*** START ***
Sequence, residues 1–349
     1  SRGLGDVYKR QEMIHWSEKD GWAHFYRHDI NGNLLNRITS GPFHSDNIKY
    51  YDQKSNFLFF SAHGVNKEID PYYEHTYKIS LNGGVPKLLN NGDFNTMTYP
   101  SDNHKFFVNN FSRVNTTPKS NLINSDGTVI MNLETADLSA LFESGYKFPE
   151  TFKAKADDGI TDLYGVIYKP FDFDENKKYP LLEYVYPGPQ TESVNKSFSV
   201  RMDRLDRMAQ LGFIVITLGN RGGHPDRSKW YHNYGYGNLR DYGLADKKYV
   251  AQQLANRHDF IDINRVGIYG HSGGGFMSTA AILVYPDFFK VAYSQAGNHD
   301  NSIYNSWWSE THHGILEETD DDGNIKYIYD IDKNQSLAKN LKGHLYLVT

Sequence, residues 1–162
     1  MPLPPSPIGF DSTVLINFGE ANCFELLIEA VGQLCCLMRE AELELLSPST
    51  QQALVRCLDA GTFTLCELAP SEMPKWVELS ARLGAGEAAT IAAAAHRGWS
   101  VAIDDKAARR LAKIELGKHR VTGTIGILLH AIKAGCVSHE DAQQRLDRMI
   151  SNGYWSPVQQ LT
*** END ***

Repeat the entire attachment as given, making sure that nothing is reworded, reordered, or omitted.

Sequence, residues 1–349
     1  SRGLGDVYKR QEMIHWSEKD GWAHFYRHDI NGNLLNRITS GPFHSDNIKY
    51  YDQKSNFLFF SAHGVNKEID PYYEHTYKIS LNGGVPKLLN NGDFNTMTYP
   101  SDNHKFFVNN FSRVNTTPKS NLINSDGTVI MNLETADLSA LFESGYKFPE
   151  TFKAKADDGI TDLYGVIYKP FDFDENKKYP LLEYVYPGPQ TESVNKSFSV
   201  RMDRLDRMAQ LGFIVITLGN RGGHPDRSKW YHNYGYGNLR DYGLADKKYV
   251  AQQLANRHDF IDINRVGIYG HSGGGFMSTA AILVYPDFFK VAYSQAGNHD
   301  NSIYNSWWSE THHGILEETD DDGNIKYIYD IDKNQSLAKN LKGHLYLVT

Sequence, residues 1–162
     1  MPLPPSPIGF DSTVLINFGE ANCFELLIEA VGQLCCLMRE AELELLSPST
    51  QQALVRCLDA GTFTLCELAP SEMPKWVELS ARLGAGEAAT IAAAAHRGWS
   101  VAIDDKAARR LAKIELGKHR VTGTIGILLH AIKAGCVSHE DAQQRLDRMI
   151  SNGYWSPVQQ LT